Teammate Grosjean was unable to bounce back from his Q1 exit and grid penalty, finishing 11th after a luckless race.

“Yesterday was a bit of a joke and today the same guy crashed in front of me on the straight line, so I had to stop. I lost a lot of time,” Grosjean said.

“Then [Marcus] Ericsson at the restart left miles ahead of the car in front of me. I don’t know what he was doing, so I was already on the back foot. [Esteban] Ocon pushed me on the first lap. I lost half of the right-hand side of the car.

“From there I just pushed as hard as I could. I couldn’t really find an opening on [Jolyon] Palmer. Once I did, though, I had some good lap times. We were doing a decent job, but it was already too late.

“It was not easy on strategy. The guys did the best job they could. We saw the checkered flag and the lap times were looking decent.

“I think we had more, but it’s time to look forward to the next race and, hopefully, it’s going to get better.”

Magnussen’s haul of four points lifts Haas to seventh place in the constructors’ championship above Renault, Sauber and McLaren.

Haas’ sophomore F1 season starts badly with double DNF in Australia

Leave a comment

The Haas Formula 1 team’s sophomore campaign got off to a bad start on Sunday as drivers Romain Grosjean and Kevin Magnussen were both forced to retire from the Australian Grand Prix.

NASCAR team co-owner Gene Haas took his eponymous operation into F1 last year, making its debut in Australia 12 months ago.

Grosjean scored a memorable sixth-place finish on that day in Melbourne, and looked poised to repeat the result in 2017 after qualifying sixth on Saturday.

A poor start was Grosjean drop to seventh, but he managed to hold position through the opening stint of the race ahead of the pit stop cycle.

However, Grosjean had no chance to wield some strategic genius as Haas did last year, with a water leak forcing him to retire while inside the top 10.

“I suddenly lost a lot of power. I told the guys, then the next thing I knew I had to slow down the car,” Grosjean explained.

“It’s a pretty disappointing result, but again, right now I’m hot and we’re all disappointed to lose a seventh-place position, but the car was there in qualifying in P6. The start wasn’t ideal, so we need to improve that. I felt I was faster than the Williams, so there’s huge potential in the car.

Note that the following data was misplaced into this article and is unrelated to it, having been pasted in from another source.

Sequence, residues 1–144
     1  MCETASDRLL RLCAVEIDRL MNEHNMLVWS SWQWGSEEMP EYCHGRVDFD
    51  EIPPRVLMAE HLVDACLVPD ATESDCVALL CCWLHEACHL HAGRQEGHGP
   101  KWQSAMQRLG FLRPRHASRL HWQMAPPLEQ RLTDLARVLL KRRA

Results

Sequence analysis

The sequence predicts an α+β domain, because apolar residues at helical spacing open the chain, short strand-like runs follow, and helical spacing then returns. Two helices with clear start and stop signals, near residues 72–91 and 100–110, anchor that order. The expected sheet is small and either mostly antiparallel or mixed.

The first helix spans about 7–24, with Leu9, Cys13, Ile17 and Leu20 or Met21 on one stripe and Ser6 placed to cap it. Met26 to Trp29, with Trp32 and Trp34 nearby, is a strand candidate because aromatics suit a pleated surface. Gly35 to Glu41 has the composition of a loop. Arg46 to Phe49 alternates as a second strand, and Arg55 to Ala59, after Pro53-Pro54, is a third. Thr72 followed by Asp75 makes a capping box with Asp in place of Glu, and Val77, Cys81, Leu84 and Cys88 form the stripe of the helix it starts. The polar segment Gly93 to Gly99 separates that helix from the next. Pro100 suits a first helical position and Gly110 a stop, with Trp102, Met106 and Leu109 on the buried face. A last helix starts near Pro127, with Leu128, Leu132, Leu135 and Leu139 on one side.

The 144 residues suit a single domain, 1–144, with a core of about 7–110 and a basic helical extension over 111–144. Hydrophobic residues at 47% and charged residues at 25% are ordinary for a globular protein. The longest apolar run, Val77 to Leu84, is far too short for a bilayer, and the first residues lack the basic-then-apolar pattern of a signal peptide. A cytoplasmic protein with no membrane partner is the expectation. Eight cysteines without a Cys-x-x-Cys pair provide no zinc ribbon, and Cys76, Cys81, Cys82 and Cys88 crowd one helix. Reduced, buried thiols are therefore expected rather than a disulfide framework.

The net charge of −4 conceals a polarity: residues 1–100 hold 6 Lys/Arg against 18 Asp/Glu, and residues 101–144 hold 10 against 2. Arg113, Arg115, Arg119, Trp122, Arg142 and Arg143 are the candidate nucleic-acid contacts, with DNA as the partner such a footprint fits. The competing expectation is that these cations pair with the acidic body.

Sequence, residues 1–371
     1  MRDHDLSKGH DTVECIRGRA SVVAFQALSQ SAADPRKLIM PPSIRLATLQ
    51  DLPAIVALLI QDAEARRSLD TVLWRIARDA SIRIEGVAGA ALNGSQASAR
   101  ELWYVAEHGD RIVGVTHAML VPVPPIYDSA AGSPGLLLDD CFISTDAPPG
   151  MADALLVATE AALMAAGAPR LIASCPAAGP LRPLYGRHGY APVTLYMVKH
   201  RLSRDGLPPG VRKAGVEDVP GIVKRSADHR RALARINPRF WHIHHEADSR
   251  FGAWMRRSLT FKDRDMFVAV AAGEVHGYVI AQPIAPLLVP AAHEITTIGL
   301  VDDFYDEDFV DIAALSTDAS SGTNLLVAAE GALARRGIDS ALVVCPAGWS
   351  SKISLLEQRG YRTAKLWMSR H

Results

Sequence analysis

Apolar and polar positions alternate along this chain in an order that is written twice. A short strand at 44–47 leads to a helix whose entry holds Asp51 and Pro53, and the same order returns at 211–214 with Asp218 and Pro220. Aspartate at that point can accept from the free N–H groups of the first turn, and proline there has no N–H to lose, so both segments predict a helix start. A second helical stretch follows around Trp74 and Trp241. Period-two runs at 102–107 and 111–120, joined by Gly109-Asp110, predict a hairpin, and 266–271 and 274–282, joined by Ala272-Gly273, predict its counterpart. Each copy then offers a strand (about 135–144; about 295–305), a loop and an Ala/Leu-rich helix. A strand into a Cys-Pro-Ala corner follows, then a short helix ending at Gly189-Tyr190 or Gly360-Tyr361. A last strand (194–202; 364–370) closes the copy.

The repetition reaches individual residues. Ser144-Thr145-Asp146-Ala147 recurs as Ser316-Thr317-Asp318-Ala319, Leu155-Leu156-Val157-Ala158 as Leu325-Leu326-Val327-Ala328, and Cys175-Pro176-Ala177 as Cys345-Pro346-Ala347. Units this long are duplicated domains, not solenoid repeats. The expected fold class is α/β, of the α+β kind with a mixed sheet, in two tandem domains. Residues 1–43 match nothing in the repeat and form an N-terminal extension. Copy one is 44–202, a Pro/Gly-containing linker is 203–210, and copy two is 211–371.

“I guess the key for us is to keep the momentum and get the consistency we didn’t have last year, where I’d be fifth in Bahrain then 19th in China. I really want to improve on that and get more consistency in terms of results. If we do that, then I’m sure there are going to be plenty of races where we can score good points.”

Grosjean’s new teammate for 2017, Kevin Magnussen, suffered an early setback when he clashed with Sauber’s Marcus Ericsson on the first lap, and ultimately retired due to a suspension issue stemming from the incident.

“I had Ericsson on the outside and I understeered into the side of him, which was unfortunate. I lost my front wing and damaged the car a little bit,” Magnussen said.

“We changed the front wing and then I went for a long test session to feel the car and learn a bit more about it, which was good. It feels good and the car is fast.

“That’s the really positive thing from this weekend. The car is there. We just have to make it finish and score points.”

Team principal Guenther Steiner added: “Not the race we wished for, or we expected. With Romain it looks like we had a water leak. We don’t know yet where that came from.

“Obviously, Kevin’s race was destroyed in the third corner after the contact with Ericsson. He then ended up later with a suspension failure, which we still have to investigate why.

“The good thing we take out of here is that the car seems to be fast. We need to work on a few parts and, hopefully, we can get back strong again in China in two weeks.”